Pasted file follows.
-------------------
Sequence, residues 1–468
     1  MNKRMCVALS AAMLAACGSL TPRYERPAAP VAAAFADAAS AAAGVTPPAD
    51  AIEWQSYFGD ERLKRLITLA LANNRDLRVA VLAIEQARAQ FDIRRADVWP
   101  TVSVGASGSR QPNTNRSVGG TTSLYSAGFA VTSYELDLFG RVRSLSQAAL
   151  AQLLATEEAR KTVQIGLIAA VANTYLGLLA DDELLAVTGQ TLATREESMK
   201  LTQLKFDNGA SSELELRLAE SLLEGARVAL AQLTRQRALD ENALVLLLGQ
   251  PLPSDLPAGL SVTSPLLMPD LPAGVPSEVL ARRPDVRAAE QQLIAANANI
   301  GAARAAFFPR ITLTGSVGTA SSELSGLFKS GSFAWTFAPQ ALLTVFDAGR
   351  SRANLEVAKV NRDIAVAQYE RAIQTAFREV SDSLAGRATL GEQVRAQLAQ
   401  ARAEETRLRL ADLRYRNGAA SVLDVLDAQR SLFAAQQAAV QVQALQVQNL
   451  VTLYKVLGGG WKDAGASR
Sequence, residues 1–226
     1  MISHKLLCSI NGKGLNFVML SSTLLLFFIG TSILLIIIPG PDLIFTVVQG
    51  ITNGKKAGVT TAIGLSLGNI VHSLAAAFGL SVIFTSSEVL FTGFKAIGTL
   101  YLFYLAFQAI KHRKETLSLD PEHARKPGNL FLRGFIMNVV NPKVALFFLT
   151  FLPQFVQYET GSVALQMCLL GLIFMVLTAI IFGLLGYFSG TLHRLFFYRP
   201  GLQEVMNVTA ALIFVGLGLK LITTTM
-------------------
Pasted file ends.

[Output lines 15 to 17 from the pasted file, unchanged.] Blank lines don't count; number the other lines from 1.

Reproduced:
   101  YLFYLAFQAI KHRKETLSLD PEHARKPGNL FLRGFIMNVV NPKVALFFLT
   151  FLPQFVQYET GSVALQMCLL GLIFMVLTAI IFGLLGYFSG TLHRLFFYRP
   201  GLQEVMNVTA ALIFVGLGLK LITTTM